11. BigJack

    BigJack Newbie

    Location:
    Austin Tx
    Name:
    jack
    Boat:
    24' fiber form
    • Messages:
      (1,996)
    • Likes Received:
      (1)
    Some spikes are spikes forever. I saw one that looked like it was going to drop dead from old age while I was tending food plots and it was a 4" spike.
     
  12. Vermonster

    Vermonster Well-Known "Member"

    Location:
    Escondido
    Name:
    Sean
    Boat:
    I'm a Ho'.....
    • Messages:
      (14,126)
    • Likes Received:
      (450)
    Very, very rarely does this happen. In fact, many studies have been done to show that the once a spike, always a spike motto is not true. The fact is, in MOST occasions, the spikes you are seeing are 1 1/2 year old deer that didn't eat well, or are slightly lower on the genetice totem pole. They will however, grow out of it.

    I am not saying that 4.5 year old spikes don't exist, because I have seen one or 2 in my 25 years of hunting. Hoever, it is more often abnormal, not the norm.....

    Nate, still sounds like a good day in the tree..... :cheers:
     
  13. Zbearclaw

    Zbearclaw Newbie

    Location:
    Socialist Republic of Kalistan
    Name:
    Zeke
    Boat:
    7mm wetsuit with 2flip motor
    • Messages:
      (670)
    • Likes Received:
      (0)
    I saw a few mature (read that surely > 2 years) in Alaska where neither feed nor rain are concerns during the spring and summer.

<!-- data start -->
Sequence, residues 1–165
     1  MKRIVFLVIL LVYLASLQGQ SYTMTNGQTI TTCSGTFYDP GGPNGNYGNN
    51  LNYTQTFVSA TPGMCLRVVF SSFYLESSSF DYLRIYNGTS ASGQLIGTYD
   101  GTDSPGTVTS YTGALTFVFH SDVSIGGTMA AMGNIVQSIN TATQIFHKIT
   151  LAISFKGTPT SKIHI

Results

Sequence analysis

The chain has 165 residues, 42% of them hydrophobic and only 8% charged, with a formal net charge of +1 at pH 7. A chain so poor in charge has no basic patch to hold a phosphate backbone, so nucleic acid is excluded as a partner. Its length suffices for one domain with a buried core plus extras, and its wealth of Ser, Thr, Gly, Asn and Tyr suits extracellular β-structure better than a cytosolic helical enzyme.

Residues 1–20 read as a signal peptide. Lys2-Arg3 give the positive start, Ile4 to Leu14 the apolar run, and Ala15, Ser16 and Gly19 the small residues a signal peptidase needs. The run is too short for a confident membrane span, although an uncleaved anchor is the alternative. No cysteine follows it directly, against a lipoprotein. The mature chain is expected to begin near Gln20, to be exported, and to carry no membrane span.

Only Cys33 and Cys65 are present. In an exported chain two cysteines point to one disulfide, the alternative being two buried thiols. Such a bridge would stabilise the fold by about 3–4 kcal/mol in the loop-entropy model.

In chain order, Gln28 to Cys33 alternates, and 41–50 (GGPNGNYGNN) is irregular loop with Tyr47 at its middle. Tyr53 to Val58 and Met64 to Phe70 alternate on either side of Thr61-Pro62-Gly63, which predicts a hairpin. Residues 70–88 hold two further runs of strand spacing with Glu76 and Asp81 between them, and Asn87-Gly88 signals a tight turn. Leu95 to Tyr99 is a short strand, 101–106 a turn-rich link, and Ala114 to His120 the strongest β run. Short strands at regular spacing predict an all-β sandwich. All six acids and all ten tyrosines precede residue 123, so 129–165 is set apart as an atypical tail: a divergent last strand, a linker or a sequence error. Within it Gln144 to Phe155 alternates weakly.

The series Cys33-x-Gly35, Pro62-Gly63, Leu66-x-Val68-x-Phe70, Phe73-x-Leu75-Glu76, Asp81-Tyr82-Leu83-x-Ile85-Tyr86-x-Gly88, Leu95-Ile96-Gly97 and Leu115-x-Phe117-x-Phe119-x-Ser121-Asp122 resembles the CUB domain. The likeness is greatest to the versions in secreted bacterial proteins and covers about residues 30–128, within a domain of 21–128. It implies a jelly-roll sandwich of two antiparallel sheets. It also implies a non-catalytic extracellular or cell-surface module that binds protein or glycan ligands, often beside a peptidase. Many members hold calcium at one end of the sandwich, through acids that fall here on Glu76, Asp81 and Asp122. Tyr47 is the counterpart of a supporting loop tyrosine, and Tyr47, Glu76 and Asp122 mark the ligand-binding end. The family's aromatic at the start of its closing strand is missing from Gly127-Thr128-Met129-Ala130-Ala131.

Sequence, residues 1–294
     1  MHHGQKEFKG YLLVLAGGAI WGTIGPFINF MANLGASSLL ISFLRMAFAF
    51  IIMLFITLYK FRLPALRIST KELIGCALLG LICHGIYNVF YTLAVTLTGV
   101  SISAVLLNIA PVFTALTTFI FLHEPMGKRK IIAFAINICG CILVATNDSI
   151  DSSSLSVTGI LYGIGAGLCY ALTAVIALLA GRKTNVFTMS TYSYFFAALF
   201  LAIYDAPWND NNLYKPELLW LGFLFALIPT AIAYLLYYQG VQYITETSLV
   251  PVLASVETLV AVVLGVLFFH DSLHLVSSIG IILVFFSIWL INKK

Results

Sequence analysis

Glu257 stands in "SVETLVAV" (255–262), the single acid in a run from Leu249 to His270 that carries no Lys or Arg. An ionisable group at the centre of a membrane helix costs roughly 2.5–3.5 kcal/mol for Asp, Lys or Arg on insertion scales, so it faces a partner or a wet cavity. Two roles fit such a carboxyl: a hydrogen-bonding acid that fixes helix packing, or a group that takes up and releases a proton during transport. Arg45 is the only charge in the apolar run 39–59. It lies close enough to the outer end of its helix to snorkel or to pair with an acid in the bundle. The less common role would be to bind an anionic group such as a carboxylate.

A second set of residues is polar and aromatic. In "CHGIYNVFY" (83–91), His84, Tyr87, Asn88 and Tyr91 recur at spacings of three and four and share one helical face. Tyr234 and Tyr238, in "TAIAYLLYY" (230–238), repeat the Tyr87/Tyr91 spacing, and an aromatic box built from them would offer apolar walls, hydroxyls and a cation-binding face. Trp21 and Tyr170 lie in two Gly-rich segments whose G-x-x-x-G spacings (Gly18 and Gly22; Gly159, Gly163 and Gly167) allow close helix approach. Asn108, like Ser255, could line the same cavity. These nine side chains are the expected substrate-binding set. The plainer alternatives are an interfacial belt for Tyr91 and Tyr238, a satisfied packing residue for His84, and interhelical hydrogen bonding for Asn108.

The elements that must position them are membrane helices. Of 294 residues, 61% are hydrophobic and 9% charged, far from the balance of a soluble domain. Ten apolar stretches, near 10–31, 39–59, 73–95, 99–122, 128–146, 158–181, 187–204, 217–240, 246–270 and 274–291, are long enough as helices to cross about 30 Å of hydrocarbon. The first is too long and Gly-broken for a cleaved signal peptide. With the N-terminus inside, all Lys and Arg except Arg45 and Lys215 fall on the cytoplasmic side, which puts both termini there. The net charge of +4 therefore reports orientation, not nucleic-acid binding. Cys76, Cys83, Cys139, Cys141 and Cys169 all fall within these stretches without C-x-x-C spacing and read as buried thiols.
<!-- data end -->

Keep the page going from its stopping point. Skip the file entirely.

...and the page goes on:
Overall this state will never have a good deer herd because what the DFG is able to do they don't, and the rest they can't do because of retarted beurecrats being the final decision makers about policy.

    Colorado is sure beautiful this time of year.
     
  14. blowboater

    blowboater Fishing with Papa

    Location:
    san diego
    Name:
    Joel
    Boat:
    35' cheoy lee - Sold
    • Messages:
      (729)
    • Likes Received:
      (6)
    CA should have a couple of years where you can ONLY shoot a forkie or spike. I know other places have done that in order to give the larger, heavier antlered, bucks a chance to breed.
     
  15. Kurt

    Kurt Mistadobalina

    Location:
    Clairemont
    Name:
    Kurt
    Boat:
    %%%%%
    • Messages:
      (21,105)
    • Likes Received:
      (20)
    Mutations caused by genetic drift, in this case with emphasis on hunting, is seen in isolated, small populations. These local Deer herds would seemingly qualify by default.


    Life: The Science of Biology - Google Books
     
  16. andyb

    andyb Newbie